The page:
Study: Students Paying Price for Lack of Banking KnowledgeJune 11, 2017 |
NerdWallet, a financial site which helps people understand their economic options, revisited its 2016 study and found the same 20 banks offering checking accounts affiliated with popular universities in the U.S. haven’t changed their overdraft fees and charges since the study was published.
The new study was published on NerdWallet’s site and highlighted how university-sponsored banks are charging college students more than $795 million on overdraft and late payment fees alone.
Some of the colleges which were studied include: James Madison University, Florida State University, Ohio State University, Michigan State University, New York University, and Texas A&M University.
Within NerdWallet’s 2016 study, they included The Consumer Financial Protection Bureau’s (CFPB) Safe Student Account Toolkit released in 2015, to help higher institutions determine whether they wish to co-sponsor a checking or prepaid account. They hoped that colleges would use the toolkit to make adjustments to their preexisting co-sponsored bank agreements to make it cheaper for students, but few institutions made any changes since the study was published last year.
The average fee the banks studied charged for maintaining an account remained $0 for students. Three banks’ overdraft fees expanded, and two banks decreased and one increased the total cost of overdraft fees charged a day in comparison to the data from the 2016 study.
University affiliated bank agreements usually last between five to 10 years. However, each January the two parties meet and conduct a review to evaluate the performance of the previous year and determine whether they wish to extend the initial term.
In 2015, there were at least 832 colleges that had contracts with banks offering debit or prepaid card services to their students, according to a report by the U.S. Department of Education. Thirty-three percent of students who had a credit card and are graduating within the next six months had been late with a credit card payment at least once, according to an Experian Graduate Survey Report.
Today, the biggest issue college students are experiencing with their credit and/or checking accounts is that they’re overpaying, and could be hurting their credit scores with late payments. The average college student overdraws their account 2.2 times a year, and the median bank overdraft fee in the nation is $35, including university-affiliated accounts, according to NerdWallet, which also explained that at most banks, they’ll typically waive maintenance fees for their customers if they keep a minimum balance or have monthly direct deposits. An individual with a bank account can avoid overdraft fees by simply not spending more than the amount in your account, but the easiest way to avoid all of the fees is by selecting a bank that doesn’t charge unnecessary fees.
“Just dealing with a checking account that doesn’t have the possibility of over drafting I think is a starter account for people to have,” said Liz Weston, personal finance columnist at NerdWallet, in a phone interview with Diverse. “Then, if overdraft must be a part of it, limit the number of overdraft fees that can be charged . . . Ultimately I’d like to see accounts without over drafting; I think that’s the best for students.”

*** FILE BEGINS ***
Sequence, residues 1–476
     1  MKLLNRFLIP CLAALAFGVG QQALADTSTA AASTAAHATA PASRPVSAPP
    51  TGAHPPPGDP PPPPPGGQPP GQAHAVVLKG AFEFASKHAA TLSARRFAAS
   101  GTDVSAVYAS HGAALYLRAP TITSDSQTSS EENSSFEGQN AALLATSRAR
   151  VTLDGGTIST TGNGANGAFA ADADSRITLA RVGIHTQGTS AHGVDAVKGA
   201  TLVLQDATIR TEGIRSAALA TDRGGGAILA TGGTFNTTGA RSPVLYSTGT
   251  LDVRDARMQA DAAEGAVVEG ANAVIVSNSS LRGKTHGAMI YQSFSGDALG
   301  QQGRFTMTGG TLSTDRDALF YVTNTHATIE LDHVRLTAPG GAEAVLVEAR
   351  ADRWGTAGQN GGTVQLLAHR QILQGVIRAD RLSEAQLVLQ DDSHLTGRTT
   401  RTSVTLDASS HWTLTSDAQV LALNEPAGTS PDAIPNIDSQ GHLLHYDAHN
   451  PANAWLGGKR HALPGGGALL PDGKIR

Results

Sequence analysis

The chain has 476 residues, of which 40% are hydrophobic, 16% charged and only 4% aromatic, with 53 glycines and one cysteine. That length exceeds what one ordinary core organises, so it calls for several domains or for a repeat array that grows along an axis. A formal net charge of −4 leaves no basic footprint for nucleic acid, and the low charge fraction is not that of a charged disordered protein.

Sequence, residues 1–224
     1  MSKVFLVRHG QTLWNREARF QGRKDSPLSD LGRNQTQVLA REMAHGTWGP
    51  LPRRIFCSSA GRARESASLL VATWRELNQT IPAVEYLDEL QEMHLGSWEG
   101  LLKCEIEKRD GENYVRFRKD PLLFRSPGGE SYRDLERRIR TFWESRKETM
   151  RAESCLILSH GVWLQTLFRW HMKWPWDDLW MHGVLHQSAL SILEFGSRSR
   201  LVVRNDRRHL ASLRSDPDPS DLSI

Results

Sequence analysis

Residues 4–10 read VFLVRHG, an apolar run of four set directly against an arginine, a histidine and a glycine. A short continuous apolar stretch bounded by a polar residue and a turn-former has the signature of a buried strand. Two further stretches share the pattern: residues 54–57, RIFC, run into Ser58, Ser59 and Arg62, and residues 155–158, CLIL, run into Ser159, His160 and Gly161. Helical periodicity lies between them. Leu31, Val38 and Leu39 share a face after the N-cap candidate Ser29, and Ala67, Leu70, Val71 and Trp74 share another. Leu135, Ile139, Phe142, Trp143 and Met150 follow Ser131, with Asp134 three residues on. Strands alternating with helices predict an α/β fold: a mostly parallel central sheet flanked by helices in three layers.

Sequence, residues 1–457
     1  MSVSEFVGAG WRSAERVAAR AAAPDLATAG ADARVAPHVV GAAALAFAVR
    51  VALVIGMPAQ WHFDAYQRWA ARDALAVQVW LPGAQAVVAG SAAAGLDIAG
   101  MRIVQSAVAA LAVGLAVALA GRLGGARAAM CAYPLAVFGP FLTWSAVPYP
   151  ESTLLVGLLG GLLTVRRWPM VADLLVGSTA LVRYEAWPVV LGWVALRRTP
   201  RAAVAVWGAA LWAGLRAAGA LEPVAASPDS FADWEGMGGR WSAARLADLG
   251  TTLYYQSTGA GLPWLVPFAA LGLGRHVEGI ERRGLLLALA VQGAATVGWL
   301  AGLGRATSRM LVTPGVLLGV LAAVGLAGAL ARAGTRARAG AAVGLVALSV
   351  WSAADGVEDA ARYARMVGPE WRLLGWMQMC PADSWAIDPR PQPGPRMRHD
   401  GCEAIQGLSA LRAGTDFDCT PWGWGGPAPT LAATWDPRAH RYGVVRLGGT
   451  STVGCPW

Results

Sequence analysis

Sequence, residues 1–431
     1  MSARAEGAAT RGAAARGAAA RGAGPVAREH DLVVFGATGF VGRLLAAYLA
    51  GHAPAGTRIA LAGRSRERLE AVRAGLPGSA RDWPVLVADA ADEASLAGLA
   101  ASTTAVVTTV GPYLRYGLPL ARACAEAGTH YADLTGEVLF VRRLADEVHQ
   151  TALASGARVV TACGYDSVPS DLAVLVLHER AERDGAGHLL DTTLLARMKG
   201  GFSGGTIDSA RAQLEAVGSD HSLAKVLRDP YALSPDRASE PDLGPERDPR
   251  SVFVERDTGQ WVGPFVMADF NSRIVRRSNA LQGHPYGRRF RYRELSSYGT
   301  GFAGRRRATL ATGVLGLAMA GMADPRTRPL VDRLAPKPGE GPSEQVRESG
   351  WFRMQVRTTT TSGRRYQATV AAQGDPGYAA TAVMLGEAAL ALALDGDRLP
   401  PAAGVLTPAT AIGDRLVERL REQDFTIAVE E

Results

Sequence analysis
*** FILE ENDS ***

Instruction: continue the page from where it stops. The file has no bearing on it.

Weston also said banks sometimes process transactions in such a way that they rack up more fees.
The 2017 study encouraged college students to start building credit even if they can’t get a student credit card. NerdWallet recommends college students look into getting a Capital One 360 or Simple card.
Some cards may be difficult for people under 21 to get because of the Credit Card Act of 2009, and if that occurs there are two alternatives: secured credit cards and authorized usership, according to the study.
“A secure card has you put down a deposit of say $500 or $1,000 and then you get a credit limit within the same amount. That’s a good way to build credit, but with two caveats: One, you always want to pay your balance in full,” Weston said. “There’s no reason to carry a balance, it doesn’t help your credit, and you just wind up paying more in interest.
“Two, you make your payments on time. There are a lot of things in life you can push and put off and procrastinate on. Credit payments really do need to be paid on time because that’s going to be reflected in your credit score. If you skip a payment, if you’re 30 days late or more you can knock 100 points off your scores.”
Some students previously have taken personal finance in high school, but chances are the information wasn’t absorbed to the extent that they fully recall everything.
“The best way to teach financial literacy of any kind is sort of the just-in-time method where people are getting the information right when they need it,” said Weston. “I would like to see the schools chip in [to tell] students that they need to do a little research up front and find out what are the fees, and understand what over drafting is, because that is really confusing to a lot of people.”